This day shall be to you one of remembrance: you shall celebrate it as a festival to the LORD throughout the ages; you shall celebrate it as an institution for all time.

וּשְׁמַרְתֶּם֮ אֶת־הַמַּצּוֹת֒ כִּ֗י בְּעֶ֙צֶם֙ הַיּ֣וֹם הַזֶּ֔ה הוֹצֵ֥אתִי אֶת־צִבְאוֹתֵיכֶ֖ם מֵאֶ֣רֶץ מִצְרָ֑יִם וּשְׁמַרְתֶּ֞ם אֶת־הַיּ֥וֹם הַזֶּ֛ה לְדֹרֹתֵיכֶ֖ם חֻקַּ֥ת עוֹלָֽם׃

You shall observe the [Feast of] Unleavened Bread, for on this very day I brought your ranks out of the land of Egypt; you shall observe this day throughout the ages as an institution for all time.

He answers that by all other holidays God did not promise that they couldn’t be removed on account of sins, based on Eichah 2:6:

וַיַּחְמֹ֤ס כַּגַּן֙ שֻׂכּ֔וֹ שִׁחֵ֖ת מוֹעֲד֑וֹ שִׁכַּ֨ח יְהוָ֤ה ׀ בְּצִיּוֹן֙ מוֹעֵ֣ד וְשַׁבָּ֔ת וַיִּנְאַ֥ץ בְּזַֽעַם־אַפּ֖וֹ מֶ֥לֶךְ וְכֹהֵֽן׃ (ס)

He has stripped His Booth like a garden, He has destroyed His Tabernacle; The LORD has ended in Zion Festival and sabbath; In His raging anger He has spurned King and priest.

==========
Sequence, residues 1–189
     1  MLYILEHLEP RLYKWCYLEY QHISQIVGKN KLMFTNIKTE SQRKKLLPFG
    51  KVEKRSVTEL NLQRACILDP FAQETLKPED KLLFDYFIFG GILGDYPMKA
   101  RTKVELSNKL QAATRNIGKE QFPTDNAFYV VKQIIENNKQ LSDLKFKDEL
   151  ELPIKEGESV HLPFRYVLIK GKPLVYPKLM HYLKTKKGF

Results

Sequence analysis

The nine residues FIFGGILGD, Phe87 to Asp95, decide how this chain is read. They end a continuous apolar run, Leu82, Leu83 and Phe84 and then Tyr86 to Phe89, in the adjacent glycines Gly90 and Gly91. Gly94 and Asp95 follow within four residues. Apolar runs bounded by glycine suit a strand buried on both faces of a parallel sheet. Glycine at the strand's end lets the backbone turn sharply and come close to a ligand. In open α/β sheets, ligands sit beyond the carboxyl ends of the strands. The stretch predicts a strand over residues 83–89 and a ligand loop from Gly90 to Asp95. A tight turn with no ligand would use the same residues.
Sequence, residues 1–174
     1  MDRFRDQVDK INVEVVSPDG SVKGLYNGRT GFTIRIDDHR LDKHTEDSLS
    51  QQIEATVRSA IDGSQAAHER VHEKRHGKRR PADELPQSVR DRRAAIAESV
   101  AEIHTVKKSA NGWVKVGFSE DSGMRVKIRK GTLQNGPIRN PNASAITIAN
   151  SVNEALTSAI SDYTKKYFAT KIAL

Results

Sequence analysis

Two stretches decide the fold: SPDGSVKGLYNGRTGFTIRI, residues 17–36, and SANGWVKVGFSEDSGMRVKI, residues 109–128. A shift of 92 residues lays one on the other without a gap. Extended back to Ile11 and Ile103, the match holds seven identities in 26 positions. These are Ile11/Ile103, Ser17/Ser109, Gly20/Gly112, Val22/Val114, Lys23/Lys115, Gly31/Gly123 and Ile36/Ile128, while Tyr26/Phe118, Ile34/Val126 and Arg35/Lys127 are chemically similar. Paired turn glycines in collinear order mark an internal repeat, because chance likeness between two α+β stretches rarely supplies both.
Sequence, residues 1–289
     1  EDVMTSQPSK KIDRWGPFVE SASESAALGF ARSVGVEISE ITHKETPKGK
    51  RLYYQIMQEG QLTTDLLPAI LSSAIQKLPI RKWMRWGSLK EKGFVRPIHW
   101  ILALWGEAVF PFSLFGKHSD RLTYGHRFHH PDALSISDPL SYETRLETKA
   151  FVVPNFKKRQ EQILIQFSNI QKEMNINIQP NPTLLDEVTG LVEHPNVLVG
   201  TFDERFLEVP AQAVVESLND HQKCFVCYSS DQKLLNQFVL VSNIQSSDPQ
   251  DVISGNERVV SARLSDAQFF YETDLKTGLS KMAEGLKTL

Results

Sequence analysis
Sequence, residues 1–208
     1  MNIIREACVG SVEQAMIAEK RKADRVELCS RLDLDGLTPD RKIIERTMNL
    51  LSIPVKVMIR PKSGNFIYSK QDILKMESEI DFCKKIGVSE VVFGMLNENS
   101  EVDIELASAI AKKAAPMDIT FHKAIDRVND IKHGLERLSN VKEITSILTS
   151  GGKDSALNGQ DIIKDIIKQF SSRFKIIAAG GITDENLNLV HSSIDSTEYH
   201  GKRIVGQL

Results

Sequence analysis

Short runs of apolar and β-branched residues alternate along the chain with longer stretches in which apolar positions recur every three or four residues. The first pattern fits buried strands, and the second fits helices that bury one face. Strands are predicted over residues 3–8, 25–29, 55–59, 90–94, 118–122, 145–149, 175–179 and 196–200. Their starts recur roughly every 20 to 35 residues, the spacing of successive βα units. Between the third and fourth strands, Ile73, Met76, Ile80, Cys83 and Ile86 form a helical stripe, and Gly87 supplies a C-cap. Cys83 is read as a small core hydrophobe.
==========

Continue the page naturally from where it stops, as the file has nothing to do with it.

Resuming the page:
As opposed to Purim, it does not use the word to guard, rather it is a promise as it says in Esther 9:28:

וְהַיָּמִ֣ים הָ֠אֵלֶּה נִזְכָּרִ֨ים וְנַעֲשִׂ֜ים בְּכָל־דּ֣וֹר וָד֗וֹר מִשְׁפָּחָה֙ וּמִשְׁפָּחָ֔ה מְדִינָ֥ה וּמְדִינָ֖ה וְעִ֣יר וָעִ֑יר וִימֵ֞י הַפּוּרִ֣ים הָאֵ֗לֶּה לֹ֤א יַֽעַבְרוּ֙ מִתּ֣וֹךְ הַיְּהוּדִ֔ים וְזִכְרָ֖ם לֹא־יָס֥וּף מִזַּרְעָֽם׃

Consequently, these days are recalled and observed in every generation: by every family, every province, and every city. And these days of Purim shall never cease among the Jews, and the memory of them shall never perish among their descendants.

Also by Yom Kippur, it says (Vayikra 16:34) it is to be a law for all time, as a promise, that even if it will not be guarded Yom Kippur will still atone.

וְהָֽיְתָה־זֹּ֨את לָכֶ֜ם לְחֻקַּ֣ת עוֹלָ֗ם לְכַפֵּ֞ר עַל־בְּנֵ֤י יִשְׂרָאֵל֙ מִכָּל־חַטֹּאתָ֔ם אַחַ֖ת בַּשָּׁנָ֑ה וַיַּ֕עַשׂ כַּאֲשֶׁ֛ר צִוָּ֥ה יְהוָ֖ה אֶת־מֹשֶֽׁה׃ (פ)

This shall be to you a law for all time: to make atonement for the Israelites for all their sins once a year. And Moses did as the LORD had commanded him.